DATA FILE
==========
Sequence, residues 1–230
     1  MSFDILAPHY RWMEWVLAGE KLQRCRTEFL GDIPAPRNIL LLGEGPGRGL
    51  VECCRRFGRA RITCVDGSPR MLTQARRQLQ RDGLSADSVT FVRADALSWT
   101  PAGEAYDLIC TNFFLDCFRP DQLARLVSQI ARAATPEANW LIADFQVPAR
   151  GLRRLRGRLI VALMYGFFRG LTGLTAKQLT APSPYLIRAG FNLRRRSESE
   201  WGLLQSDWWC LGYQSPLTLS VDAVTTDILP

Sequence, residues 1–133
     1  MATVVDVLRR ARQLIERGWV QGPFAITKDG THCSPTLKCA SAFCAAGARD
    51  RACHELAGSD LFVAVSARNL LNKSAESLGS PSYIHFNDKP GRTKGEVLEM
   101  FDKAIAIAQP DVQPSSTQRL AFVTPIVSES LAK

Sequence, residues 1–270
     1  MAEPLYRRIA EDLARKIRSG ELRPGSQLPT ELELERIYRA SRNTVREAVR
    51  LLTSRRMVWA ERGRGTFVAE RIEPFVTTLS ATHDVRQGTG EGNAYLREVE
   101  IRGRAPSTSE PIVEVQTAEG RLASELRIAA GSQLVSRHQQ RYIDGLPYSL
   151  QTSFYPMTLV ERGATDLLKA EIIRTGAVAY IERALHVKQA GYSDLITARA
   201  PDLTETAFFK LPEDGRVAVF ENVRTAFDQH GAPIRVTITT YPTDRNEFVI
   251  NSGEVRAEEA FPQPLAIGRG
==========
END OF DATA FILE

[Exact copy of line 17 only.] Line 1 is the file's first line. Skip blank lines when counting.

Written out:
   251  NSGEVRAEEA FPQPLAIGRG